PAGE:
Saturday, December 5, 2015

Moral Outrage

"A Wilderness Path"
- Outside the Desert Retreat House -


Today, for the first time since 1920, The New York Times published an editorial on the front page of the newspaper in which they boldly proclaimed: It is a moral outrage and a national disgrace that civilians can legally purchase weapons designed specifically to kill people with brutal speed and efficiency. These are weapons of war, deliberately marketed as tools of macho vigilantism.

The thing that particularly struck me about this extraordinary editorial was that I rarely if ever hear any conversation about morality in the public forum nowadays – especially rare in such a prominent place as the front page of a major newspaper.

It seems to me that people often tend to avoid talking about morality because they associate moral conversation with religious belief. “Morals” are rules handed down by religious institutions who claim that these are the laws of God. So of course, if you aren’t religious or if you are an atheist or an agnostic you probably want nothing to do with conversations about morality.

Even apart from all the religious baggage associated with morality, the idea of publicly applied universal moral standards is also somewhat anathema to the sensibilities of contemporary people in this “postmodern era” who believe that we all have our own truth and we all set our own personal standards about what is right and what is wrong. In fact, it may even be “politically incorrect” to have public conversations about universally- applied moral standards.

I personally think we need to expand conversations about morality beyond the purview of religion but I also believe there are some universal standards of “right and wrong” that apply to all of us.  

I very much agree with what the Dalai Lama had to say a few years back in his very insightful book Beyond Religion: Ethics for a Whole World.  He makes a compelling argument for removing moral conversations outside of and beyond “religious institutions.” After all, if morality is only a subject of interest for religious people, than you can skip over the moral argument if you don’t happen to be religious.  But the Dalai Lama also suggests that there are some pretty clear standards of universal morality for all humanity, and upholding these standards has more to do with our survival as a species than with following religious dictates:

Fortunately there is now a reasonably substantial body of evidence
in evolutionary biology, neuroscience and other fields suggesting that,
even from the most rigorous scientific perspective,
unselfishness and concern for others are innate to our biological nature.
Interdependence is a key feature of human reality.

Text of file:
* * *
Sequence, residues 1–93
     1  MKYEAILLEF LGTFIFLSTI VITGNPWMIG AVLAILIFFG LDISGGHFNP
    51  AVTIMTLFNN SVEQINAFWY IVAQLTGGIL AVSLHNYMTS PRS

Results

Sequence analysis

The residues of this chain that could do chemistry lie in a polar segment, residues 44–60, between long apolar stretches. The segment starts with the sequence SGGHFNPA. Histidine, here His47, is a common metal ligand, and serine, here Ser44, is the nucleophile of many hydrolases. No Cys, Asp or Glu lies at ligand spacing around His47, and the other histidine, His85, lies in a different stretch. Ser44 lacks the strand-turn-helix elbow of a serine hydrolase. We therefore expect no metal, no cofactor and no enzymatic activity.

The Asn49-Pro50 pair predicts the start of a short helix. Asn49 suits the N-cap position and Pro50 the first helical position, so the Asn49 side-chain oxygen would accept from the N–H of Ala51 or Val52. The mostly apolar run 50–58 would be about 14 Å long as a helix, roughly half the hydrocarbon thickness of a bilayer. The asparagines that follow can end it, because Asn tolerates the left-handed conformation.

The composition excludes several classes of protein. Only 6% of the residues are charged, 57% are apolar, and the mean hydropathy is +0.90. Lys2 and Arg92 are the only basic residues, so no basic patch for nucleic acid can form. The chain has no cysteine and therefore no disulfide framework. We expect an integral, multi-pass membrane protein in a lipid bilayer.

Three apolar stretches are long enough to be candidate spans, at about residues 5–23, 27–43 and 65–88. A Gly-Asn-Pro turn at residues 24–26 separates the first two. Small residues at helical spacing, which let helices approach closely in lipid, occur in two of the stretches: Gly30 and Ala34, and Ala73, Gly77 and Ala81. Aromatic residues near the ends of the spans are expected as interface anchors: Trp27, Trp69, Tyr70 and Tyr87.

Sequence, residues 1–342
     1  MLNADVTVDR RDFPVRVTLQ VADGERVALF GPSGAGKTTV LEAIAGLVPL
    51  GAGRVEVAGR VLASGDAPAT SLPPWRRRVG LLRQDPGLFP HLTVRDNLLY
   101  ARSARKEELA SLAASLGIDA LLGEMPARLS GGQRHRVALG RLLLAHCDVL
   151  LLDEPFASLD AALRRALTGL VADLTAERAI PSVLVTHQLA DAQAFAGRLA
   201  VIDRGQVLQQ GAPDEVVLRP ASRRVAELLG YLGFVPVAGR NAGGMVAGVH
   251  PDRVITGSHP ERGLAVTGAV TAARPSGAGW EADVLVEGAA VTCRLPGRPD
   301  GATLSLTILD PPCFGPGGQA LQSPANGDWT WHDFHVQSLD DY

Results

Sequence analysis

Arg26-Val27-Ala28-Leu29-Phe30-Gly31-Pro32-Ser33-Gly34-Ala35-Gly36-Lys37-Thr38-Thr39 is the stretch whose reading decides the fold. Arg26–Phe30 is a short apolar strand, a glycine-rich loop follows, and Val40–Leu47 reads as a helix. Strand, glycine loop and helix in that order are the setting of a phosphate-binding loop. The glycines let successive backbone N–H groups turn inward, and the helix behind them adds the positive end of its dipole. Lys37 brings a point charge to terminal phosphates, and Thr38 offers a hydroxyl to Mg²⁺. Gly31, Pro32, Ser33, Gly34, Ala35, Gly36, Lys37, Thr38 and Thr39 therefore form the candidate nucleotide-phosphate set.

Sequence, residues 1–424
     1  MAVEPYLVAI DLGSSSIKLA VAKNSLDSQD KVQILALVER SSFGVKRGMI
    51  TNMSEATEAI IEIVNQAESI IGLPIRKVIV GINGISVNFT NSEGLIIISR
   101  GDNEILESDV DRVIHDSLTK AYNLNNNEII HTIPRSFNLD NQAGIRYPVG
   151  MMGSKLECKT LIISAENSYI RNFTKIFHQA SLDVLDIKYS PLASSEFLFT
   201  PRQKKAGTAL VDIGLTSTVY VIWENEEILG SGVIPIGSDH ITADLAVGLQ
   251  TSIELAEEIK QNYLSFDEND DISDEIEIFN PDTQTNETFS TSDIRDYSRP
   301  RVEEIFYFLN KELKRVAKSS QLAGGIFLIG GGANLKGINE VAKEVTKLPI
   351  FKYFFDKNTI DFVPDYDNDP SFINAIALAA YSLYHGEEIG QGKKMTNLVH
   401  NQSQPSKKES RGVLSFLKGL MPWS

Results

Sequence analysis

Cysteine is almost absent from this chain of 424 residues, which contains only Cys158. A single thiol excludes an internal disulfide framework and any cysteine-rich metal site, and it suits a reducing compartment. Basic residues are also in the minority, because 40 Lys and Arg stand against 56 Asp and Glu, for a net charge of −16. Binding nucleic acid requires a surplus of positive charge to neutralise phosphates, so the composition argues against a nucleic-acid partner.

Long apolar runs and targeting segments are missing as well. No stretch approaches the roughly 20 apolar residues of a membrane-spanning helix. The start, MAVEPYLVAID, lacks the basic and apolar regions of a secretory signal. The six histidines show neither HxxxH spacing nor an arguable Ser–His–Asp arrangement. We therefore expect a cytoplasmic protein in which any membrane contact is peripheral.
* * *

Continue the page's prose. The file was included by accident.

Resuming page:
As human beings we can survive and thrive only in an environment of
concern, affection and warm-heartedness – or in a single word, compassion.

I applaud the editorial in today’s New York Times and I firmly believe that we need more public “moral dialogue” in the marketplaces of our common life. As I see it, we need to find more and more ways to ask those bigger “meaning of life” questions, searching together for direction about what is right and what is wrong. We need to be raising issues like gun control or immigration or climate change not only as a topics confined to politics but as issues that are essentially “moral questions.”

A while back another op-ed piece in the New York Times made the point:

Because there is less moral conversation in the public square
we are less articulate about our inner life,
There are fewer and fewer places nowadays
where people are able to talk to one another about the things that matter most,
as a result, many feel lost or overwhelmed.
They feel a hunger to live meaningfully 
but they don’t know the right questions to ask,
the right places to look or even if there are any ultimate answers at all.

I am not at all suggesting that we need to encourage everyone to flock into churches or synagogues or mosques where they might talk about issues like “what is right and what is wrong.” While I believe that you can certainly have these kinds of conversations in a church, I also think we need to be having “moral conversations” in coffee houses, around the water cooler at work,  and in the social media as a response to the front page editorial about moral outrage.

And when we have these important conversations I think there is a universal standard that can guide and inform our dialogue – we can determine the morality of our personal or corporate lives by looking through the lens of concern, affection, and warm-heartedness - in a word compassion.

Without this kind of morality we will be unable to survive as a species.

2 comments:

  1. Paul - I would like to re-publish this blog post in Episcopal Journal. Could you contact me at editorial@episcopajournal.org?

    Solange De Santis
    Editor
    Episcopal Journal

    ReplyDelete
    Replies
    1. Of course Im happy for you to republish this...I sent an email

      Thanks

      Delete